Instead of worrying about when or what the next trend or fad will be - be creative and make your own sound. Why do many synthpop bands have that "formulated" cookie cutter feel?

    Synthpop to me is defined as Pop Music with Synths or Synthesized Pop. I only hear of a small handful of bands taking broad chances...off the top of my head; Pool Waitresses, Brand New Idol, PSWK, Platform one (who puts the Goth flava in traditional synthpop)

    I, as a fan of the music, am pleading with you all you EGN Bands and musicians.... Please... no more "boy loses girl and is forever doomed and lost" lyrics to DM cloned pre stocked beats! lol

    Sorry for the tough love -
    XO, Anna

  13. #13


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    I thought this thread was about the future of electronic "instruments" not the future of electronic "music". I too believe in the "future" of electronic "music", but as an electronic musician I have more than a passing interest in the tools that I might have in the future. The "future" for me is next year, the next six months.
    http://www.drug-of-choice.com/

  14. #14
    Lead ElectroGardener cliffwalk's Avatar
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    I think, to sort of echo Arron's/Annas thoughts (as well as distort them) that we've sort of reached the end of the line with synth technology... and then again, we haven't.. but... we have... see, innovation rarely happens... renovation that's another story.

    And as Null points out: Soft Synths is where it's going.. and optimized host PCs is where they'll live. So people will call it synth hardware They also think that TIVO is something other than a modified Linux Kernel.

    Sampling... yeah, how much more can we do in that department?

    Synthesis? There's always a new invention around the corner that is just another algorithm applied against the same frequency band.

    I guess what I'm trying to convey here is that new technology... even as much of a geek as I am... I'm not expecting to be impressed anytime soon

    Now, new music... that's an entirely different thing... there's someone out there with a Kazoo, three gameboys, a tin can, and a f.ucked up three octave tiny-tim sounding voice waiting to blow my mind.

    Dave
    If you\'re reading this, you have a tiny penis.

  15. #15


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    I think the next big thing in the electronic music industry is going to be specialized music computers.....soft synths on custom computing hardware optimized for the purpose. That is where the high end will be.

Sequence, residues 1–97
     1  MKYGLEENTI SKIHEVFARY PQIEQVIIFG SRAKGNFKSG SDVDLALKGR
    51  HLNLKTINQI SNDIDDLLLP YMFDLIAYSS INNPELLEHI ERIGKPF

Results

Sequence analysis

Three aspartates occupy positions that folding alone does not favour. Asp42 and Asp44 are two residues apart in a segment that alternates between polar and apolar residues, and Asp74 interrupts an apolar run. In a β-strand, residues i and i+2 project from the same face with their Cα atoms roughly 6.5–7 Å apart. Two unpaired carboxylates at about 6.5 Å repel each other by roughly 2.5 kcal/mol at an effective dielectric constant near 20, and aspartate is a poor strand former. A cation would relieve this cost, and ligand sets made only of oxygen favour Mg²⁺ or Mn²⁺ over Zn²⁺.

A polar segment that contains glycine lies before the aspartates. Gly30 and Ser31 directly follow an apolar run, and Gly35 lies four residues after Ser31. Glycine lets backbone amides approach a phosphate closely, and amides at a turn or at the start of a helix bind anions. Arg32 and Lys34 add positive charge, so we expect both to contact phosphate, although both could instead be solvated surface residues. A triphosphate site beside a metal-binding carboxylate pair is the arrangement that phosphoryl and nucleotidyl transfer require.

For the consumer level, I think you'll see some hardware synths that run soft synth plug-ins (like Creamware Noah) and soft synths that feature custom hardware -- sort of like if Reason ever required its own special PCI sound card.

    On the low end, song creation wizards (ala Arturia Storm) will proliferate, to the chagrin of musicians who can actually play instruments everywhere.
    ====
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  16. #16


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    Originally posted by cliffwalk

    Sampling... yeah, how much more can we do in that department?
    There's a lot left to do. Well, not necessarily a lot left to come up with, but a lot left to make practical. We've only just started to scratch the surface of granular, harmonic resysnthesis, etc. IRCAM stuff does it, Kyma does it, but other than that we've only got wee little tastest of it in Reason, Kontakt, Absynth2, etc. And AFAIK no hardware samplers are touching it.

    The comment about plugins not side-chaining...well, that's not so much the plugin format's fault as the host's. I can side-chain a lot of my VST/AU plugins in Logic, if they're written to accept it, which is part of the SDK. May programmers just negelct to implement it.
    Eric Oehler
    wonko@nulldevice.com
    www.nulldevice.com

  17. #17
    Lead ElectroGardener cliffwalk's Avatar
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    Originally posted by NullDevice


    There's a lot left to do. Well, not necessarily a lot left to come up with, but a lot left to make practical. We've only just started to scratch the surface of granular, harmonic resysnthesis, etc. IRCAM stuff does it, Kyma does it, but other than that we've only got wee little tastest of it in Reason, Kontakt, Absynth2, etc. And AFAIK no hardware samplers are touching it.

    The comment about plugins not side-chaining...well, that's not so much the plugin format's fault as the host's. I can side-chain a lot of my VST/AU plugins in Logic, if they're written to accept it, which is part of the SDK. May programmers just negelct to implement it.
    I guess I was hyper-generalizing. The truth is OF COURSE there's more to do... but more specifically, most of it is just mo-bettah-granularity... I think they have gotten Audio and Imaging to a point to where they are going to be maturing around the same rate. Ever notice that imaging software and audio software work on very similar paradigms?

    As for what programmers ARE NOT doing with open architectures yet... again... I guess I have a problem getting too excited about that as innovation... It's more like a Service Pack on a rainy day..